Monday, August 3, 2009

Missing Training Camp: The Rookie Way

Something has to change. Each year too many rookies miss the start of training camp because their agent is working hard to get a top deal. It’s ruining the the rookie season of many young, talented players. If only more rookies would understand the value and importance of getting to training camp on time, their team would get much more production out of them.

Super agents pride themselves on getting every penny out of teams during negotiations. In this way, they see themselves as best serving their clients. It’s too bad that so many of these rookies end up slagging behind other rookies who get to camp on time. We’ve seen more than once a late round pick beat out a higher round pick on the depth chart when the season starts in September.

Matthew Stafford and Jason Smith, the top two picks respectively, have signed. Mark Sanchez and Darrius Heyward-Bey have also signed. Four of the top ten picks. That’s how many have signed with training camps beginning. Sad.

So far, 13 of the 32 first round picks have signed contracts or agreed to terms. That leaves 19 first round picks sitting at home or working out alone when they could be, and should be, learning the playbook and bonding with their teammates. I’m not sure how veterans see these all-important rookies who miss training camp while they’re running, lifting, learning and burning. Rookie contracts are ridiculous in the NFL. Not only does the unproven talent in the league take away far too much money from proven veterans, their absence at the beginning of training camp is paramount to a snub.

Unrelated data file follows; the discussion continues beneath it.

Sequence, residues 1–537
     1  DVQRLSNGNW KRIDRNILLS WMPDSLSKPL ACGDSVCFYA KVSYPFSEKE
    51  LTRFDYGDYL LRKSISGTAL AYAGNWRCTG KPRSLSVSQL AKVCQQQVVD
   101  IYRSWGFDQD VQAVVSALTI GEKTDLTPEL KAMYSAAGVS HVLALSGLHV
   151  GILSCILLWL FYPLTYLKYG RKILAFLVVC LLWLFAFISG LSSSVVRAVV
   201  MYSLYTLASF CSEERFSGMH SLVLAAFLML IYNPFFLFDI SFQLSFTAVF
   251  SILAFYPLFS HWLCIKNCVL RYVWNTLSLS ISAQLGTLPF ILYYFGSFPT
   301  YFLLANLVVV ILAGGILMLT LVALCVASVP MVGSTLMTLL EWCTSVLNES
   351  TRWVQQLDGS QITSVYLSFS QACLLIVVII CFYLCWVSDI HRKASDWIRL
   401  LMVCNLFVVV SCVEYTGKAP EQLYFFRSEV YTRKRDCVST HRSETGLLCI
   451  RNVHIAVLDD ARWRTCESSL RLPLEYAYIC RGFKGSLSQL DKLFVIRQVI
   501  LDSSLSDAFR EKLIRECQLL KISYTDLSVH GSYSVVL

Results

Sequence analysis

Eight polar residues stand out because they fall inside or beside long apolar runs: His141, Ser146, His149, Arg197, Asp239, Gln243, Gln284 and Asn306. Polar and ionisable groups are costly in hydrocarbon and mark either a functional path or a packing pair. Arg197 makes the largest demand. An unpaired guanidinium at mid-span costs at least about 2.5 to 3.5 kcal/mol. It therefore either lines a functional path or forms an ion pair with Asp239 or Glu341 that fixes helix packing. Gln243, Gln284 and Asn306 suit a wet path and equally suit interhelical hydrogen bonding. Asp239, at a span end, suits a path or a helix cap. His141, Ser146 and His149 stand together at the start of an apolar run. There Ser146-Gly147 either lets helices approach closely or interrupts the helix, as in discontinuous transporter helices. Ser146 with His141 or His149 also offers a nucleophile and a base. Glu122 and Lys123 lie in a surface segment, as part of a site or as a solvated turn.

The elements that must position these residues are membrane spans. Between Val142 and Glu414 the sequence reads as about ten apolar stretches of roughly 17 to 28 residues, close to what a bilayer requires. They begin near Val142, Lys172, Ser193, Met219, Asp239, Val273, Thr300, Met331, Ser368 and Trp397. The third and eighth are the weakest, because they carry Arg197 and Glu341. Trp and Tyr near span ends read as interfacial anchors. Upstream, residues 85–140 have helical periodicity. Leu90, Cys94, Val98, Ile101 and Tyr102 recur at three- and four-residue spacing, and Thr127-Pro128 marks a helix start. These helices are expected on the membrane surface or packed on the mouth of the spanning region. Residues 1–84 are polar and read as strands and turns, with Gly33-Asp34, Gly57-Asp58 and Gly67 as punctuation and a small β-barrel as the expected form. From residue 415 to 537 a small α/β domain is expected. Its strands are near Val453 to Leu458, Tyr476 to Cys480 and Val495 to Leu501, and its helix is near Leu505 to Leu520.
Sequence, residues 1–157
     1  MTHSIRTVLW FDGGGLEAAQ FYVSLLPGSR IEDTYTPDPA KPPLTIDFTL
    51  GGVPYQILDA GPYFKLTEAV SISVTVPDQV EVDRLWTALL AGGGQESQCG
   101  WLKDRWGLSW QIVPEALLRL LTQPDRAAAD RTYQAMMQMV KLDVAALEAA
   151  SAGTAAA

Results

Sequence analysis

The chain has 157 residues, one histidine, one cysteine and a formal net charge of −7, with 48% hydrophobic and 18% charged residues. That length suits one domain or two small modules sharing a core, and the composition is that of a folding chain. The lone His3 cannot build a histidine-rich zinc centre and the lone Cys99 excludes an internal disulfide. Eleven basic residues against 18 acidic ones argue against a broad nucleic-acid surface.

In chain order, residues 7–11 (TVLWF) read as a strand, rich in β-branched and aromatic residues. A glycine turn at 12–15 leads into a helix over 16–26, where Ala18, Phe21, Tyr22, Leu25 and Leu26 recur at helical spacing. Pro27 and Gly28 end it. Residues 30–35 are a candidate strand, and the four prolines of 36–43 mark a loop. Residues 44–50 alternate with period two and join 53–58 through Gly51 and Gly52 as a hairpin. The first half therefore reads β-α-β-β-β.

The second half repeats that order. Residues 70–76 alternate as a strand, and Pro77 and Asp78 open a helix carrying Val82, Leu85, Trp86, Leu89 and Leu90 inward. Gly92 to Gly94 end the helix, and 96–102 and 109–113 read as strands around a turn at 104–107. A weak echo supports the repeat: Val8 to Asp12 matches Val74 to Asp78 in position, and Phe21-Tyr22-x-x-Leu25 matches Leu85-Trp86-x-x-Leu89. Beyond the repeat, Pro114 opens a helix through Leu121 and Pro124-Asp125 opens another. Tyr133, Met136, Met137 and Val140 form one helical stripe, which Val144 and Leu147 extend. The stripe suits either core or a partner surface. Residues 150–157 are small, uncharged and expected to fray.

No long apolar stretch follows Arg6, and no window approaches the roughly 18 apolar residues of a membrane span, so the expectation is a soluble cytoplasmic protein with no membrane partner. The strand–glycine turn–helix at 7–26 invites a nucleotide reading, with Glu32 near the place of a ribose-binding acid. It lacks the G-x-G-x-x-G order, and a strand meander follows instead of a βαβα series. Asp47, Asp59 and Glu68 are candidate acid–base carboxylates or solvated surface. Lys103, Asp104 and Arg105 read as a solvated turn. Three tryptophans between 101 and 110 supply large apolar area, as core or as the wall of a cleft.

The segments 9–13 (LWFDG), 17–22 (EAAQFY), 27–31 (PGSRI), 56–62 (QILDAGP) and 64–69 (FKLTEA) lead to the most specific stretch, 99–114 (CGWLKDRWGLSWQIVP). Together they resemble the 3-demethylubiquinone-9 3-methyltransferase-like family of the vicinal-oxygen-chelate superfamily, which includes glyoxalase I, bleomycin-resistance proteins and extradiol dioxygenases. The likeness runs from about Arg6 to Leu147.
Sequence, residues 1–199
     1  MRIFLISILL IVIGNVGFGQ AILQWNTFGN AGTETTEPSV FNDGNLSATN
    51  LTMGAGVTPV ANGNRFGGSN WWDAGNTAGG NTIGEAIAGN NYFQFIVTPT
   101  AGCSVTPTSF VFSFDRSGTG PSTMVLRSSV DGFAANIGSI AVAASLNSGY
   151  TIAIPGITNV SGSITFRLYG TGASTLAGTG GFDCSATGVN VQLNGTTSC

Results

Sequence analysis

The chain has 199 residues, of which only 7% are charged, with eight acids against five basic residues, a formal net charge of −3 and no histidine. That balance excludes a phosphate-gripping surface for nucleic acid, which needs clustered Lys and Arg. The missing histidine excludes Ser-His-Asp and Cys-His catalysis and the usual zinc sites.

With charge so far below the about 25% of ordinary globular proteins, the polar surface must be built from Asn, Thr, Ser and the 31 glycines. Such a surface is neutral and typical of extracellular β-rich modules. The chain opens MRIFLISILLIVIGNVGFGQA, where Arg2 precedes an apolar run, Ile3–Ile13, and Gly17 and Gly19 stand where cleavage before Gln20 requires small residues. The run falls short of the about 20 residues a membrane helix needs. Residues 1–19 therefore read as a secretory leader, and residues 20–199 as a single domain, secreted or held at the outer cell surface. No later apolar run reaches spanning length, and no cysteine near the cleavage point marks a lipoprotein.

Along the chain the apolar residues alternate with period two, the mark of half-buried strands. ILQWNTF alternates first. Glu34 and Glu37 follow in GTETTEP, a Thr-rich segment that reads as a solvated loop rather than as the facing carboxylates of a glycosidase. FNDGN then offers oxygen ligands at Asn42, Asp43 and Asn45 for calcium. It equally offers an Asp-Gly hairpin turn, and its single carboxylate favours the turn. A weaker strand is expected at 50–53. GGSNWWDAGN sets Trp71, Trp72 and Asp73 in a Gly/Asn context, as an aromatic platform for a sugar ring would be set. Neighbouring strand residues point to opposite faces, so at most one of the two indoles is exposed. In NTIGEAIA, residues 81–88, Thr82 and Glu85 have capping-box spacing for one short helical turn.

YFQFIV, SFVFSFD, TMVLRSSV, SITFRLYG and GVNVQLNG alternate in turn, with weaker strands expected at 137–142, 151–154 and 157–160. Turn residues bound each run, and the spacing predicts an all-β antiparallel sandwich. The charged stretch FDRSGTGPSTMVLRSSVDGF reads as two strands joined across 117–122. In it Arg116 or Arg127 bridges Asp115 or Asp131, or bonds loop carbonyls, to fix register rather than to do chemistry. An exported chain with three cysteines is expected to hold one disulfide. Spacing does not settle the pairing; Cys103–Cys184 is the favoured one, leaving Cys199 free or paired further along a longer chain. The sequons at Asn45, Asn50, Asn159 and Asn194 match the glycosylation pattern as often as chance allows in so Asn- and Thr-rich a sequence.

Defenders of these rookies point their finger at the agents. A rookie, however, should recognize the importance of getting to know their teammates and reporting to camp on time and have their agent work toward getting them in camp on time. The agent works for them. When they say it’s time to get to camp, their agent should burn the midnight oil until a deal can be reached.

Michael Crabtree wants top-three money. He was the tenth pick of the draft. He also hasn’t proven himself against an NFL defense. None of the first three teams to pick in this year’s draft were willing to make him a top-three pick, so he isn’t a top-three pick. The first nine teams to pick, for that matter, passed on Crabtree. I don’t see what the confusion is; he’s the tenth pick. He’s certainly proven himself on the college level, though, which gives us some sort of picture of what his career may look like, but too often have wide receivers failed on the big stage. Instead of getting to know his quarterback in San Francisco, he’s demanding money he hasn’t earned and the 49ers have every right and more than one reason to be hesitant to cough up the dough (see former wide receiver top 10 picks Troy Williamson, Reggie Williams, Mike Williams, Charles Johnson, David Terrell, Koren Robinson, Peter Warrick, Michael Westbrook, J.J. Stokes, Desmond Howard, etc.).

Let’s not even get into the quarterback busts, mainly because all three first round quarterbacks have signed before camp and will be getting to know their wide receivers, offensive linemen, running backs and coaches for a full training camp before the season starts in September.
For the past two seasons, the top pick in the draft has signed before training camp. Let’s hope the trend catches fire and more rookies decide to kick their agent into gear and report for camp on time. Or maybe the NFL should take a page from the NBA when it comes to rookie contracts.

Written By Danny Hobrock